Joe Zawinul & the Zawinul Syndicate – 75 – Last Birthday Live!
(Submitted by Walter Kolosky but written by Mark Anderson).
On the live DVD of Zawinul’s phenomenal Syndicate, filmed shortly before his passing, Josef is still a big man. But he doesn’t look well and shuffles on and squints at his notes before putting on his glasses. Three quarters of a century would show on anyone.
As soon as the music starts and the band starts to feel it’s way into the set with a Moroccan sounding groovy jam, Zawinul transforms into the maestro he truly is and leads his band through a mighty set of WR classics, Afro-beat grooves and Syndicate favourites. Sometimes the tunes are segued and at other times they just simply weave in and out of each other like some beautiful and terrible dance.
Zawinul controls his band like a vast musical instrument. They are tight baby. The music encompasses all of his tremendous history; classical, jazz, world (in this case Eastern European, and especially Africa) and funk. Those sounds are hooked-up with his latest tendencies towards a ‘dance’ vibe to captivate another generation in their musical perspective. His is a vast mix of digital technology and tribal groove.
The band is absolutely stunning. You will hear Moroccon-like vocals, percussion and guitar from Brazil and African drum and bass. Add to that the voodoo doll Sabine Kabongo (from Zap Mama) and you have almost every major world-stylistic as a possibility. Paco Sery is the beatmeister and Linley Marthe, dare I say, is everything Jaco would have wanted to hear in his place.
My only question is why Zawinul persists on having a guitar in his bands? (A nod to the African tradition of using it primarily as a percussion instrument?) Certainly he couldn’t really have had another sax player after Shorter. Check out the timeless duo with him, recorded a few weeks later which is included here as an addition to the festival concert footage.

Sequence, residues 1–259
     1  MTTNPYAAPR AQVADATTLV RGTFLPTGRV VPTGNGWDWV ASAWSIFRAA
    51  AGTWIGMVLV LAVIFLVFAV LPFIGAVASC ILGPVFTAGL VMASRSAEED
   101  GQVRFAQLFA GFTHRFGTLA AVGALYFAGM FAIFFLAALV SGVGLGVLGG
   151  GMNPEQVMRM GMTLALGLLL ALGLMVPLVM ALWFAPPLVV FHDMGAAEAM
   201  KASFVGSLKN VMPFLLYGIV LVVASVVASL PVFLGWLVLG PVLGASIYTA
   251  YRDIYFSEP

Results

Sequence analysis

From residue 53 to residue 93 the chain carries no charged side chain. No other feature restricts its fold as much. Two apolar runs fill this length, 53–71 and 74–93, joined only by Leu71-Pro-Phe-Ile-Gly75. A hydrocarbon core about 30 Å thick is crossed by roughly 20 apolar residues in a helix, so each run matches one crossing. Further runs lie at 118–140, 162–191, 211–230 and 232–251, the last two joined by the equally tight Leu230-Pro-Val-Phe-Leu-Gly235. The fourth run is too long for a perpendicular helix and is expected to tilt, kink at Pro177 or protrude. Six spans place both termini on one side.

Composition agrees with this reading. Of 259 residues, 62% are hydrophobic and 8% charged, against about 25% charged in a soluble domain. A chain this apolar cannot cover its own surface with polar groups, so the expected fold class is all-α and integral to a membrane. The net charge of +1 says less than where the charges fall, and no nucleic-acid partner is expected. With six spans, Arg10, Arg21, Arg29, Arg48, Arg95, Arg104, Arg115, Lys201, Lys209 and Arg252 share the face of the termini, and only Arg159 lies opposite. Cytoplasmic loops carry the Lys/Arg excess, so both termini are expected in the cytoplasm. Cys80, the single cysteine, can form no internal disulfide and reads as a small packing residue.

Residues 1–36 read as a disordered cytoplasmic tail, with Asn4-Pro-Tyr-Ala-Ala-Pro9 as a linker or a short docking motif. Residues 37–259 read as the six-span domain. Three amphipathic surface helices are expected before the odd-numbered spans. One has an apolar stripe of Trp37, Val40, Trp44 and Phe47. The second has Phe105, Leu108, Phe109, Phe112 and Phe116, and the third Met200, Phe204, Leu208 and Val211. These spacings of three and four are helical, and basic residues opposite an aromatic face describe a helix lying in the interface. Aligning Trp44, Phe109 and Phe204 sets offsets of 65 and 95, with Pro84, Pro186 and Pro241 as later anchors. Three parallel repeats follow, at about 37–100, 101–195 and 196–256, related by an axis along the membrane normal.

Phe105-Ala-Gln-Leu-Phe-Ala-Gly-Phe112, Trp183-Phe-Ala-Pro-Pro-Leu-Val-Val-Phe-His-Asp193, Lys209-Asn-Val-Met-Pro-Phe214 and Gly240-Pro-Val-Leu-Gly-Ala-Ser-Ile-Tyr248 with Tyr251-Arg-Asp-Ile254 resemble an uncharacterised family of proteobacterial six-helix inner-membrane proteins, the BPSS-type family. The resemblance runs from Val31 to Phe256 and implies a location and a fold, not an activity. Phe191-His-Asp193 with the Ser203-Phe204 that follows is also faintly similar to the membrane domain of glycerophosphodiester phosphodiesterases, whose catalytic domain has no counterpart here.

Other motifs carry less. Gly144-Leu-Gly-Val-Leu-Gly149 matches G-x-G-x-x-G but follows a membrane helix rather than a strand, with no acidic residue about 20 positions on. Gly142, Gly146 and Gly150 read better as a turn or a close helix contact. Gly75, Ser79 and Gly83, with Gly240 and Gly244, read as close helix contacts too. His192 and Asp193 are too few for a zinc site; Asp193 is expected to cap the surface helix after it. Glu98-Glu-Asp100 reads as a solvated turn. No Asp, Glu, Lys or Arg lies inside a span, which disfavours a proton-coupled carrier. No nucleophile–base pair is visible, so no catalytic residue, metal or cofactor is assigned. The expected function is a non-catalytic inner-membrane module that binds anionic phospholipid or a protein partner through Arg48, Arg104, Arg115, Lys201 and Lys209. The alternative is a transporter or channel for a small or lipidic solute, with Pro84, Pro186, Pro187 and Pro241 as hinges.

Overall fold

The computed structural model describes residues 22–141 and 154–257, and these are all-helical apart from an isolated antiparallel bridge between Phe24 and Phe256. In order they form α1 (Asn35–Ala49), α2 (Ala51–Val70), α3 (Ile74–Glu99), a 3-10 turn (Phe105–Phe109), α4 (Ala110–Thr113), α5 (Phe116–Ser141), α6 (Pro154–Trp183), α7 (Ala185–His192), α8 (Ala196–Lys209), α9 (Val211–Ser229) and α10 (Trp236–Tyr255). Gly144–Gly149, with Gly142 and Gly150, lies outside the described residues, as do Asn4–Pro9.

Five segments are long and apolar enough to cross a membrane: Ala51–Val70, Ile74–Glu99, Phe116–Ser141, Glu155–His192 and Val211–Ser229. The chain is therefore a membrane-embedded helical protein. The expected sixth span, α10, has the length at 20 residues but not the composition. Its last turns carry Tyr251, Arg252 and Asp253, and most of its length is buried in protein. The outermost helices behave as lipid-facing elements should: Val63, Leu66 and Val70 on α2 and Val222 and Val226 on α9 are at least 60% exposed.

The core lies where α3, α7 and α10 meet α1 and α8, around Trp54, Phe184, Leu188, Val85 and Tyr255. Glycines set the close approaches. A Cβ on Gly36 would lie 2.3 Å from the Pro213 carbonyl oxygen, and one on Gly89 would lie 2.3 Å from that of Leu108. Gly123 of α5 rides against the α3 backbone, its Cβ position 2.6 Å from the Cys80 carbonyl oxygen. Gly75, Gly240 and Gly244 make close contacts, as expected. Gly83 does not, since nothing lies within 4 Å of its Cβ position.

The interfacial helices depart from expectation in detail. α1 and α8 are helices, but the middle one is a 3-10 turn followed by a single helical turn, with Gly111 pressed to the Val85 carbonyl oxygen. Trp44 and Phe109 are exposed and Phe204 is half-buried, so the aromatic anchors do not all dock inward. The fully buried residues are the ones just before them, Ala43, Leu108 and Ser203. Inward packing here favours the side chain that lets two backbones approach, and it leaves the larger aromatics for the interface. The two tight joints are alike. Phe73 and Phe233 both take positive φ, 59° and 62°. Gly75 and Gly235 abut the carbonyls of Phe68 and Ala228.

Miles went to Spain and Africa to get his sound. When Zawinul says ‘World Fusion’, you better believe it my friend. But Africa in particular is written large on this performance.
It’s beautifully shot, mobile multi-lens from stage perspective, intermixed with shots from an aerial camera which swings across and over the audience and down on to stage with captivating results.
The sound is also excellent. I listened back through my Mac Pro and my trusty DT100s , as well as the old B&W110’s, and it sure sounded fine to me. – Mark Anderson
1. Introduction To Orient Express
2. Orient Express
4. Scarlet Woman
5. Zansa 2
6. Cafe Andalusia
1. Fast City – Two Lines
3. Badia – Boogie Woogie Waltz
4. Happy Birthday
5. In A Silent Way (W / Wayne Shorter)
Personnel: Joe Zawinul (keyboards); Linley Marthe (bass); Alegre Correa (vocals/guitar); Aziz Sahmaoui (percussion, vocals); Paco Sery (drums, kalimba); Jorge Bezera (percussion); Wayne Shorter (sax).